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Showing posts from April, 2018

Trump is Winding Back Cost-Effective Legislation

As President Trump directs the EPA to back off on air quality regulations in America's dirtiest cities, I want to remind everyone that in a free market it pays to cut air pollution, and it pays very well.

Independent analysis has shown the Clean Air Act to be one of the most cost effective pieces of legislation in existence, with the $65 billion price tag of meeting clean air regulations dwarfed by the $2 trillion in dividends in reduced healthcare costs and increased productivity projected over the 1990 - 2020 interval.  That is a staggering 30:1 return on investment.  The public cost of air pollution is private profit at cents on the dollar.

Old Men Yell at Trees

An atrocious piece of journalism has appeared in the editorial pages of the Wall Street Journal, blaming air pollution on trees, people, dirt, and pretty much everything but cars and the burning of fossil fuels.

On the campaign trail in 1980 Ronald Reagan was famously reported to quip that "trees cause more pollution than automobiles do".  He was widely mocked - and rightly so - for this naive interpretation of atmospheric science.  Now another old white man, Paul Gigot, is shaking his fist at the sky in vain, and dragging his like-minded and troubleplagued editorial board along with him.

In their editorial, the WSJ inform us that volatile organic compounds (VOCs) react with nitrogen oxides (NOx) to form ozone and smog.  So far so good.  They then go on to cite the latest scientific literature showing that in many cities personal care and household cleaning products - plus industrial solvents and commercial chemicals but they curiously don't get much attention here - pro…

Is the EU Getting Tough on Air Pollution?

The European Commission looks set to take nine member countries to court over their unhealthy air.

The economic powerhouses of Europe such as France, Germany, and the UK often lead the world in environmental protection, yet have struggled to deal with poor air quality, a major health concern across the continent.  In part, this is due to Europe being densely populated and heavily industrialised, but it also stems from air pollution being an issue that crosses boundaries and is politically difficult to enforce.  There is also an important role for science to play here, with accurate chemical transport models needed to attribute pollution to its source and to identify the best way to meet key pollutant target levels.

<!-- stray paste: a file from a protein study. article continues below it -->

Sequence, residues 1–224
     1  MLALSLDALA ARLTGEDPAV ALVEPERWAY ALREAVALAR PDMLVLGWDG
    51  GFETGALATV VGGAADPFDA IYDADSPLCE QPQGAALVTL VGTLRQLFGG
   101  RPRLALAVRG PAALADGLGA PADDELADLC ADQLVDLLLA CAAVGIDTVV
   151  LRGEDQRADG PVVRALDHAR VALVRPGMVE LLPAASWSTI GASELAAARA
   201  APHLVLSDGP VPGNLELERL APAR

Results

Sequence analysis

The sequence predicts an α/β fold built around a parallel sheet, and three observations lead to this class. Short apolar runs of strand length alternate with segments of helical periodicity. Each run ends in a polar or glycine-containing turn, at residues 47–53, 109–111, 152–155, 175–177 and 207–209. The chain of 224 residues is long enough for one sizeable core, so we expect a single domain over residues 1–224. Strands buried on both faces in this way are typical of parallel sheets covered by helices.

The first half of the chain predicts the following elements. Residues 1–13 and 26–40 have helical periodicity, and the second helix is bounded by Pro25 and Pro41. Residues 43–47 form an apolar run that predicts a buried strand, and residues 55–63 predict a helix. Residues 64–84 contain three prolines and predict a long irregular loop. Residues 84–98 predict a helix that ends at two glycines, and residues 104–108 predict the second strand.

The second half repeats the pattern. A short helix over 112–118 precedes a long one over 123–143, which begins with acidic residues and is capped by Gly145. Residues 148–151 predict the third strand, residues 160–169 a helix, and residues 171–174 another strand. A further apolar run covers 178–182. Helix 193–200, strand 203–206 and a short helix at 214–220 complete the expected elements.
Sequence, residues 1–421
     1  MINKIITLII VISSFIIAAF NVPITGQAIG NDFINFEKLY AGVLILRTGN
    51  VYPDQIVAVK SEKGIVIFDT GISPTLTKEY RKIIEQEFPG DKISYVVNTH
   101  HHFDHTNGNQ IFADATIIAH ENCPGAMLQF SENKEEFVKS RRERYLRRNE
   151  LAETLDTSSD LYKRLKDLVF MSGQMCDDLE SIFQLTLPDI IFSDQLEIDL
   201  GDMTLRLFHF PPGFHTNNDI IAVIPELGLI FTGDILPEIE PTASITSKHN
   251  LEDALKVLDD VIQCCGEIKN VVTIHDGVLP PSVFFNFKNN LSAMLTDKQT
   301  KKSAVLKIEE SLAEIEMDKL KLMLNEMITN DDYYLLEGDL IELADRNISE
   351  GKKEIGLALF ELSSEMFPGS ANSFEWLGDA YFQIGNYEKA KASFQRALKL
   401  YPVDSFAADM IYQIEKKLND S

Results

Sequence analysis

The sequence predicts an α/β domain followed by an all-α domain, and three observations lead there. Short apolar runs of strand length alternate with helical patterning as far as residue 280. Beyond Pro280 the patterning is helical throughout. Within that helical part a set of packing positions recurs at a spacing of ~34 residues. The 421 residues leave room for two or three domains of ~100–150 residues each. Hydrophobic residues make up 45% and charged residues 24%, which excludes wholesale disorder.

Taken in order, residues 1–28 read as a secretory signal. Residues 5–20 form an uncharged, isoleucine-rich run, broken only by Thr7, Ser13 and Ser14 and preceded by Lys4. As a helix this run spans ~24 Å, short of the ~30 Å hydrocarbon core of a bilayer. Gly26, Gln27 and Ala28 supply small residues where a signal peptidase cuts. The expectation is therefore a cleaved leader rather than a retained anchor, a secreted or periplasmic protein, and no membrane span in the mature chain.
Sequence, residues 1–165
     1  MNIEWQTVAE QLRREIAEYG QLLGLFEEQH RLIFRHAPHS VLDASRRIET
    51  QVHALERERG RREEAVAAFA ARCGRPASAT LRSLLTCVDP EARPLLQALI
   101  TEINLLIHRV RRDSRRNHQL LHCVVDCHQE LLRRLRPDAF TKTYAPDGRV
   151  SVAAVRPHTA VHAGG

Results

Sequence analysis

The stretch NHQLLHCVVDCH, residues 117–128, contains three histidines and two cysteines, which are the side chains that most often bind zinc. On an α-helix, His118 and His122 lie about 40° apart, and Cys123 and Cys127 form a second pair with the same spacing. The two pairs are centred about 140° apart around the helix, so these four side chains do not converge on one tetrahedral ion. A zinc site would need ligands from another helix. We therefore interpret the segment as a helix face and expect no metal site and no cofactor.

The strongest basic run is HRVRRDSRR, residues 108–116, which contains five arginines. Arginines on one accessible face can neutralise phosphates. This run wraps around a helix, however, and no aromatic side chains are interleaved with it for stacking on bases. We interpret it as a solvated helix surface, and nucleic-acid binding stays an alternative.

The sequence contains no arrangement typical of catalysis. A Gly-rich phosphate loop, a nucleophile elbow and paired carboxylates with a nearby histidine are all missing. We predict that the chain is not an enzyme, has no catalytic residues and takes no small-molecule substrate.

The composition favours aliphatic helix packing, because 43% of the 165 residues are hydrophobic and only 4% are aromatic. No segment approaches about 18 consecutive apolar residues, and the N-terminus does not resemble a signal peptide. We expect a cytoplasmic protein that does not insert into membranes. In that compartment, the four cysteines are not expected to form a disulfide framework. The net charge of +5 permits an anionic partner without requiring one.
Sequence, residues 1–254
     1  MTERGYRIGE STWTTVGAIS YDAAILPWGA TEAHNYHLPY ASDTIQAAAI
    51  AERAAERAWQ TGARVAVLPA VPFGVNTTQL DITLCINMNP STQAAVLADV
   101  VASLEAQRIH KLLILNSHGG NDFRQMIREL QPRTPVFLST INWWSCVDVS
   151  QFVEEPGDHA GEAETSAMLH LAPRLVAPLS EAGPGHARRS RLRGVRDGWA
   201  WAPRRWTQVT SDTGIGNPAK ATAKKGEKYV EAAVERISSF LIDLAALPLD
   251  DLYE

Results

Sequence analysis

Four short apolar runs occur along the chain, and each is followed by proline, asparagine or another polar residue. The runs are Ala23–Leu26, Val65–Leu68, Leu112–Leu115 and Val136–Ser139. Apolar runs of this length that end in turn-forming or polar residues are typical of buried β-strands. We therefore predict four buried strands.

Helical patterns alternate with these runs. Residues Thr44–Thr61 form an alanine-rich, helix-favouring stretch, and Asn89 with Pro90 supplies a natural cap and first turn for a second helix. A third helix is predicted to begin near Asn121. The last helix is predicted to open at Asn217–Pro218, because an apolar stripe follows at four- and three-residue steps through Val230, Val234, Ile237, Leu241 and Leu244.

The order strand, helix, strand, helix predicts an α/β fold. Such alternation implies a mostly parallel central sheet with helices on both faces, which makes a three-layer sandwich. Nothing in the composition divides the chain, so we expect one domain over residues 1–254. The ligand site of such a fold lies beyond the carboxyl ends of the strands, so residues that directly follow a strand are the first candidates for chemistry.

The EU have air quality regulations in place for their member states, but have been reluctant in the past to enforce them.  Last year, however, they successfully prosecuted Bulgaria for particulate matter violations, and are now in the final stages of infringement proceedin…

Carbon Capture Squeezed

Attempts to realise carbon capture and storage (CCS) continue apace, in an effort to keep burning fossil fuels in a low-carbon future.  They may, however, be dead on arrival.

When it comes to electricity generation, renewables are already squeezing out conventional coal fired power plants on cost.  Adding in the extra expense of separating out the carbon dioxide emissions, compressing them, and then pumping them underground, only makes coal's job that much harder.  Moreover, the few commercial CCS ventures to date have mostly come in late and over budget, if at all.  Now the Boundary Dam Carbon Capture project in Saskatchewan has shown that operating costs for these facilities are also difficult to keep a lid on.  Significantly, Boundary Dam was touted as the world's first commercial power plant running carbon capture and storage.

The only future for coal seems to lie with radical departures from how we now burn it, such as chemical looping combustion.  However, given that ou…

Peat Fire Burns On

I took a break from blogging for a couple of weeks over Easter, and for that entire time peat bog fires have been burning here in southwestern Victoria.

Peat fires have been smoldering at Cobrico since St Patrick's day, creating significant air pollution for almost a month now.  Vulnerable elderly residents and school students have been relocated, and a dedicated water pipeline has been constructed to help battle it.

Burning peat bogs present particularly nasty environmental problems because they are difficult to extinguish and produce highly toxic smoke.  Peat does not burn in a hot, raging fire, meaning that the fuel source can last for many months, and also that the smoke produced is heavily laden with toxic fine particulate matter and carbon monoxide; these pollutants would be more fully consumed in a hotter blaze.  Peatlands also tend to extend over large inaccessible areas, and can smolder at depths of several metres.

Peat fires present a broader global environmental proble…